second city although the people that reside there believe
that it is the capital. A very historic city right at the
southern end of Ireland. This tour will take you on a voyage
of history visiting a castle, a monastery and Cork city itself.
We depart at the crack of dawn from the Suffolk
Street Tourist Office. Your guide will do a quick introduction
of the tour and will make sure that everybody is happy and
ready to go. We will be leaving Dublin and passing by the
Guinness Factory and also College Green Tourism Office, the
best tourism office in the country! Extreme Ireland, our parent
company run this office. On the way, we will tell you more
about the sights that we pass in the city centre, and maybe
advise on the weather you can expect for the day. As we leave
Dublin behind, the urban landscape changes to that of the
rolling hills and constant hedges of the Irish countryside.
We'll pass an area called The Curragh in County Kildare. This
area is ideal for training horses, due to the sandy soil that
creates excellent drainage, making it an ideal spot for horse
racing. Not surprisingly, the Curragh race track is situated
nearby. County Kildare is also well known for horse breeding
and vast tracks of lands today are owned by the likes of the
Agha Khan and Sheik Mohammed. Close to Kildare Town, you will
find the National Stud Farm, world famous for its horse breeding,
coupled with the lovely Japanese Gardens.
After a short stop over to stretch our legs,
we pass the Knockmealdown Mountains, made famous by the folk
song "Kitty Borne O'Brien". This song is a lover's
lament for a young woman who emigrates from Ireland to Canada.
Like most Irish songs it is either about a broken heart or
fighting with the English! Further along the way, we will
see the Galtee Mountains, Ireland's highest inland mountain
range, with its stony scree-covered summit- but more on the
Galtee's under our "Of special interest" section.
This is also a famous cheese making area in Ireland. Tipperary
is also home to hurling although Kilkenny their neighbour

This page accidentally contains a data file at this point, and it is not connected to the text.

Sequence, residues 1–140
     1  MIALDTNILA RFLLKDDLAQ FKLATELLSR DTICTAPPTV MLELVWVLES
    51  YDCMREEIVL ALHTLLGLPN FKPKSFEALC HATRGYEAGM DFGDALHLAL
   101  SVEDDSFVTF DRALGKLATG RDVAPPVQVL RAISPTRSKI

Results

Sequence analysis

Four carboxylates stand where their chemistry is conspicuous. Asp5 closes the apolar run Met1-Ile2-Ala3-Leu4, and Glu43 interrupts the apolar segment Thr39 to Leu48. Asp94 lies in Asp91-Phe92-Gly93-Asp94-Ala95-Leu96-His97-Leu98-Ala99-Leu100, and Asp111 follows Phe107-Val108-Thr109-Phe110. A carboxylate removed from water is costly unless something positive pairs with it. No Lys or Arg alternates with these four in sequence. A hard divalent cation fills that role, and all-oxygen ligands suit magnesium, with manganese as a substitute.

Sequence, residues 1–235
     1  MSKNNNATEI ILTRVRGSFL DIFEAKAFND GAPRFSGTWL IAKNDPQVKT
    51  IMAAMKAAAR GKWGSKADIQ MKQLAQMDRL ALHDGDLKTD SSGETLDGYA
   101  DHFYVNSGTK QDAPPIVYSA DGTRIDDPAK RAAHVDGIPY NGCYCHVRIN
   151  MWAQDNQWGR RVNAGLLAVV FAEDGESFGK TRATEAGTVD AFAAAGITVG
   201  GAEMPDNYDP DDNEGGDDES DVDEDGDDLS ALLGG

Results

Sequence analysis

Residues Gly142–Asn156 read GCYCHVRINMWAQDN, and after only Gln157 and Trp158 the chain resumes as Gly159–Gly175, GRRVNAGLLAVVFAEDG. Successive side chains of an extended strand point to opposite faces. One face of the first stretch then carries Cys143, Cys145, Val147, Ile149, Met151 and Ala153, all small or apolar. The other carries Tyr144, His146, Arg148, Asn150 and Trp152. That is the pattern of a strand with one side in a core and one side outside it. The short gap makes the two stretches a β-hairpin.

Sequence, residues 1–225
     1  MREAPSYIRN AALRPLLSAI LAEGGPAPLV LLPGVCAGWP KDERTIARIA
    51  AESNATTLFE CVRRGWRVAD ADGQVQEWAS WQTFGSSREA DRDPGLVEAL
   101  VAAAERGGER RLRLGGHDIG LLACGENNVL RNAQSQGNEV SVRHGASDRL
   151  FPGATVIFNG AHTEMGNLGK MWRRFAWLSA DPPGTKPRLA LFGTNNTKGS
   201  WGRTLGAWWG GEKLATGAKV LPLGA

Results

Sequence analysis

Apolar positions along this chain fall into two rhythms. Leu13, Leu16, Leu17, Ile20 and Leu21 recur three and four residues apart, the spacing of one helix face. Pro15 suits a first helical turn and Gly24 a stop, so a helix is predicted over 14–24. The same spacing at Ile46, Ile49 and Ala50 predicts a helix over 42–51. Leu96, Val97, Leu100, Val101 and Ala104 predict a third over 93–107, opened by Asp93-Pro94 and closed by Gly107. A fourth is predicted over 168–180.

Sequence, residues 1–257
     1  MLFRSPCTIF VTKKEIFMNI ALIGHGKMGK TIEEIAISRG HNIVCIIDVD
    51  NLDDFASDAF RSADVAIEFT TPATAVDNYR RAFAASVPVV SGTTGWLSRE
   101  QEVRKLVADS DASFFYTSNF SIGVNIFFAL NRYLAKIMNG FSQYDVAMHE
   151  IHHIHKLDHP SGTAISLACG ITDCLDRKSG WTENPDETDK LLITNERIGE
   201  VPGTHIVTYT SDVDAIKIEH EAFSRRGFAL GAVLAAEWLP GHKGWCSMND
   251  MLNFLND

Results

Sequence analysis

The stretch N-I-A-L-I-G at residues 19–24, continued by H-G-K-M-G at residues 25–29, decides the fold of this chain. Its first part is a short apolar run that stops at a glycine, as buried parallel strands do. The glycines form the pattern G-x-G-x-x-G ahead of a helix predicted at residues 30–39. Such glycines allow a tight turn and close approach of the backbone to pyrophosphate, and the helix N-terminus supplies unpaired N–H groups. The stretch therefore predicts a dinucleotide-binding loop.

seems to beat. them most of the time! Keep your eyes out for
handball alleys while on the bus, a traditional sport played
mostly in rural Ireland.
We arrive at Blarney Castle and half the day's
driving is already done! Blarney Castle, famous for its Blarney
Stone, also has lovely wooded walks and "Rock Close"-
a garden filled with Druidic rock formations, believed to
be dating back to pre-historic times. To kiss the stone, you
have to bend backwards when on the parrifits of the castle,
holding onto iron railings- basically hanging upside down.
The reward for your efforts: to be bestowed with the so-called
"Gift of the gab".
We arrive in Cork City, where we have 2 hours
to maybe grab some lunch at the English Market (now with a
very international flavour), go marvel at the Gothic St. Finbar's
Cathedral, or even ring the bells of Shandon at St. Anne's
Church for a small fee. Cork is home to Murphy's Ale and the
Ford Tractor factory.
At the Rock of Cashel, we visit this great Celtic
Cathedral, which include the Hall of Vicars, Cormack's Chapel,
which has one of Ireland's oldest Romanesque wall paintings
and the Round tower, all perched on a solid rock ringed by
a curtain wall. This Rock of Cashel, is the seat of the archbishop
of the diocese of Cashel and is the sight where the historical
synod of Cashel. It dates back from before there Anglo-Norman
conquerors and contains an amazing collection of architecture,
history and Romanesque art.
At 5 pm ish we depart from the Rock of Cashel
and return to Dublin, maybe listening to some Irish music
and reflecting on the day's experiences.
We arrive back in the capital Dublin around
7 pm after a great and informative day.